Q&A: What will 'Help to Work' mean for claimants?
- 28 April 2014
- From the section Business
The plan to help those out of work for more than two years was announced by George Osborne, the Chancellor, in September 2013, and took effect on 28 April 2014.
Mr Osborne said that people out of work for more than two years "were not going to be able to do nothing" for their benefits.
He also said he was not going to "leave the long-term unemployed behind".
But how will Help to Work be different from what happens at the moment?
Who will be affected by Help to Work?
It will affect anyone who has been on the government's existing Work Programme, but who still has not found a job after two years. To qualify for the Work Programme, claimants have to have been claiming Jobseeker's Allowance (JSA) for at least three months.
People over 25 years old need to have been claiming JSA for a year. It is thought that around 200,000 people could qualify for Help to Work.
What choice will claimants have?
To continue claiming JSA, claimants will have three options. To accept a community work placement, such as making meals for the elderly; to visit a Job Centre every day; or to take part in further training. The government calls this "intensive jobcentre support". Anyone who refuses will face losing a month's worth of benefits. If they refuse again, they could lose three months of benefits.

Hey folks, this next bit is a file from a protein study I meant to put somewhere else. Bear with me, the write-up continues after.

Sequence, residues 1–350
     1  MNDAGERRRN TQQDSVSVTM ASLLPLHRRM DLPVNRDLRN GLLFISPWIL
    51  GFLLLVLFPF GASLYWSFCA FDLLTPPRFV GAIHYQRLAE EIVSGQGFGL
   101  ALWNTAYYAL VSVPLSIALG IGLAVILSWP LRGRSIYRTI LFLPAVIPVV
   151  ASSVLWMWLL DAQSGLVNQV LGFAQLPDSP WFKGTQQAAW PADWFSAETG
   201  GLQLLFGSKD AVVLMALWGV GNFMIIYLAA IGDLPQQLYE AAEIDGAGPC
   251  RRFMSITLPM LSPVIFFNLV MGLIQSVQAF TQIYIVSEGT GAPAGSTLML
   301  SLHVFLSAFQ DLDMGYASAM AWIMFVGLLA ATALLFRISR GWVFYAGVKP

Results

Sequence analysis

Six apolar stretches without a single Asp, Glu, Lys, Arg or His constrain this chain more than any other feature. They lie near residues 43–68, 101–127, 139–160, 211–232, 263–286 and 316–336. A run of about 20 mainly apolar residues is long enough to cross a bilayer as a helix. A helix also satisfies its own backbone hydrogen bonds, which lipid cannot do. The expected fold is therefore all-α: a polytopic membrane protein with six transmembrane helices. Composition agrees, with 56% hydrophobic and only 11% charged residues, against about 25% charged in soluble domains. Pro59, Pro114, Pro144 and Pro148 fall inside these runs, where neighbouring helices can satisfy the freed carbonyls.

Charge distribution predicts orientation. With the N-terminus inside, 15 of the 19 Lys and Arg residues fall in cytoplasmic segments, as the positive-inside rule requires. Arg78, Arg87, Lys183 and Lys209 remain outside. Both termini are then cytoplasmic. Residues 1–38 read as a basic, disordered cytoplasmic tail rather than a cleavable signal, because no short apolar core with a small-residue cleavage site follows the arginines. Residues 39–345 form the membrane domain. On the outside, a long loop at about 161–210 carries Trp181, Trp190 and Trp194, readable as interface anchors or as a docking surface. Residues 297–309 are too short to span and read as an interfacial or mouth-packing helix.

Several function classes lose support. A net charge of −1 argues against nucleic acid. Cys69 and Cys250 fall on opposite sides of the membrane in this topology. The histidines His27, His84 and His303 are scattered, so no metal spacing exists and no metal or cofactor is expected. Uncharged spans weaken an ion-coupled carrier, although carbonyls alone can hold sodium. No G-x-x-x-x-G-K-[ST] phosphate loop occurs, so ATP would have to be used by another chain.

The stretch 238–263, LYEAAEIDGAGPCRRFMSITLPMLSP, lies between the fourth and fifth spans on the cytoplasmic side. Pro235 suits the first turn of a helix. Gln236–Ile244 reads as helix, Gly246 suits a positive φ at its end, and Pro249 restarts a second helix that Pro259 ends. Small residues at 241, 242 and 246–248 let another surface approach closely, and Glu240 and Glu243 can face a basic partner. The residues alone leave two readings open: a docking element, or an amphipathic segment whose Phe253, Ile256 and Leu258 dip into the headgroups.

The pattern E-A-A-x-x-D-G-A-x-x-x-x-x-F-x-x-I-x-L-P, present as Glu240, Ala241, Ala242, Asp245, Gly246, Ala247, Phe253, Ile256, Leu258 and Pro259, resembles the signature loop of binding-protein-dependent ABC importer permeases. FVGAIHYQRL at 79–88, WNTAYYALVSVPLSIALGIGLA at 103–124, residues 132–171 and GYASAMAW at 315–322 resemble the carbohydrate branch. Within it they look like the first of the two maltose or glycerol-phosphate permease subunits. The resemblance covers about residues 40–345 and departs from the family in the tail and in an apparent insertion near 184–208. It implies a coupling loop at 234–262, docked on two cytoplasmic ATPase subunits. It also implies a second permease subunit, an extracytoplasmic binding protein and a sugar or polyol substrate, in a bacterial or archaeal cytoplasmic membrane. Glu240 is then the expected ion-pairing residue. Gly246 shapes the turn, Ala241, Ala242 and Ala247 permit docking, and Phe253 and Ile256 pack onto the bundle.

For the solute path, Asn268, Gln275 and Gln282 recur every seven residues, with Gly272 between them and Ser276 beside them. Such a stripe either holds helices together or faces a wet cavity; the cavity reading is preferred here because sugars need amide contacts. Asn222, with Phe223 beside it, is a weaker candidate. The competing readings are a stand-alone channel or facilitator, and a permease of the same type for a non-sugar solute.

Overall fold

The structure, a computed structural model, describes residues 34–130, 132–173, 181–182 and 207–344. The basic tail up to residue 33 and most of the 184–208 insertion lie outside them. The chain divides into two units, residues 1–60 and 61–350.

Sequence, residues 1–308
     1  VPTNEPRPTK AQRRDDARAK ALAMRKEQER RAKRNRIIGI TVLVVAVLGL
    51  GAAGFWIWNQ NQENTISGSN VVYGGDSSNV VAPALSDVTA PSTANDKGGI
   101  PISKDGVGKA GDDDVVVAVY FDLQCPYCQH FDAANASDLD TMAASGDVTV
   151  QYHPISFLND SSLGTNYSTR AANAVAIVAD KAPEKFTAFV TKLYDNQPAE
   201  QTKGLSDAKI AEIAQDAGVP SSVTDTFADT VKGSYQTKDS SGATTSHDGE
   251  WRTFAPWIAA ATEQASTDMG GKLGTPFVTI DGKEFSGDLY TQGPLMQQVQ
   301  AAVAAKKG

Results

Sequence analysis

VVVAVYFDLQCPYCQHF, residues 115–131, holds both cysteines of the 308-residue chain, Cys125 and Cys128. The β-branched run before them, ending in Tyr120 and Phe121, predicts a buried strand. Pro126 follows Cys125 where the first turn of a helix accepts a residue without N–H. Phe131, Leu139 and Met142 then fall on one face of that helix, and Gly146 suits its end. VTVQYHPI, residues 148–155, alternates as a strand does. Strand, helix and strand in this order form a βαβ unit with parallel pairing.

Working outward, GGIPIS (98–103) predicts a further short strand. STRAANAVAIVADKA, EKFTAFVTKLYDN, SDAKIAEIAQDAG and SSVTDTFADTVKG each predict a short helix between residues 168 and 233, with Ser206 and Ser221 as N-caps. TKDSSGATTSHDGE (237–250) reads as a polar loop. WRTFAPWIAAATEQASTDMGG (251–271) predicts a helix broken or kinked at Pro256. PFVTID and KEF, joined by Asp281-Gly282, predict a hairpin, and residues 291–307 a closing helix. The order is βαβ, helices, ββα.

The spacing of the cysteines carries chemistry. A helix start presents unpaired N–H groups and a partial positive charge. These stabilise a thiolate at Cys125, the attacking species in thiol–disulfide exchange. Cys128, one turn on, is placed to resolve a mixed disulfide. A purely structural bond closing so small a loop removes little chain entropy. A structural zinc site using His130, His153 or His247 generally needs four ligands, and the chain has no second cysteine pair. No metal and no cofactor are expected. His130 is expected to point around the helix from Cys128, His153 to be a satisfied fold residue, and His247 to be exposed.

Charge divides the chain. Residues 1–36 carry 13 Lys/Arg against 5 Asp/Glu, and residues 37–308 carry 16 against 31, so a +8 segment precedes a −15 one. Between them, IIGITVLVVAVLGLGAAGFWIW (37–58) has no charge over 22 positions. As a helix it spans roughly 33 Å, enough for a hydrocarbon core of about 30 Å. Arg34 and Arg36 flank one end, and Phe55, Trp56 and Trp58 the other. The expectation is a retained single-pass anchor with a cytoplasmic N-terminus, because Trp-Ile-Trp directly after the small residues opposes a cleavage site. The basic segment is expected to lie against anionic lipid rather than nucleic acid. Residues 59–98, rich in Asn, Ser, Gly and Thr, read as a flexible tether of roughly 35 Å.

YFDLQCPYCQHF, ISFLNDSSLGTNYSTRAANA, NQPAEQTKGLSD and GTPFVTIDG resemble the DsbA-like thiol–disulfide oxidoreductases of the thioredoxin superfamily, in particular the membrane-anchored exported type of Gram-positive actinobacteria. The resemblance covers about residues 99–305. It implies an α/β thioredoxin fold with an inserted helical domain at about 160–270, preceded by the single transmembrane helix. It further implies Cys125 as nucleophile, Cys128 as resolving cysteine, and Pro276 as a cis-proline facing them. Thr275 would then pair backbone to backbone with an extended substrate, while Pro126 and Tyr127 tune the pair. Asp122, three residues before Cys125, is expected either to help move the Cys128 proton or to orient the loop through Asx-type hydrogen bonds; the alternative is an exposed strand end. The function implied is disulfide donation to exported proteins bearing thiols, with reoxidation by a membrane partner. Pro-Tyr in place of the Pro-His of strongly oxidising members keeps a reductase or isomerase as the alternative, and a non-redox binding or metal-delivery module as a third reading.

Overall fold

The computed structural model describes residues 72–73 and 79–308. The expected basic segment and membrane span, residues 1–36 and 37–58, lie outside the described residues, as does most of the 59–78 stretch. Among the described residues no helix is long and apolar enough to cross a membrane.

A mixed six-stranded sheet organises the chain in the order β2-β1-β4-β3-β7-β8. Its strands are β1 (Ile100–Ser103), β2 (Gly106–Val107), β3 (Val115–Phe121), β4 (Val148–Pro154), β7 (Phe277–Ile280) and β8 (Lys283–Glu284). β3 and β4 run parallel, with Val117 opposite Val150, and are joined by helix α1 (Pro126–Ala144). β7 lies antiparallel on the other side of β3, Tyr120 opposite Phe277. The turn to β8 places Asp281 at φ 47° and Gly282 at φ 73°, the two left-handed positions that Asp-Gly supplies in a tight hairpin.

How is this different to what happened previously?
Before April 2014, if someone had not found work after two years on the Work Programme, they went back to the Job Centre. They were offered support with their development needs, and weekly meetings with Job Centre advisers, but there were no compulsory programmes. They were free to continue claiming JSA.
Does the introduction of a new scheme mean the Work Programme is not working?
The government says the programme has made a big difference since it was introduced in June 2011. It says nearly a quarter of its early participants have found at least three months of work. Recent figures showed that roughly 15% of those on the Work Programme have found themselves in work for at least six months.
However, the Work Programme has been criticised by both Labour and the TUC for what they say is a poor success rate. As few as 10% of those claiming Employment and Support Allowance (ESA) have managed to find work under the programme.
What would Labour do?
Labour has said it will guarantee anyone under the age of 25 a part-time job after a year of being out of work. Anyone over 25 would be offered a job after two years of being unemployed. Those affected would be given the national minimum wage to work for 25 hours a week.
Employers would receive a government subsidy to hire people. Labour says the cost of its Jobs Guarantee would be £1bn, and it would be funded by restricting tax relief on pension contributions to the basic rate.
What do other countries do?
One of the countries which has managed to cut the number of young long-term unemployed is Denmark. Anyone who is out of work for 12 months (or six months for under 25s) gets special support in the form of help with job searching, vocational training and education.
Denmark spends 1.3% of GDP on this Active Labour Market Policy. According to a report for the Work Foundation, published in January 2013, the UK spends 0.3% of GDP on similar measures.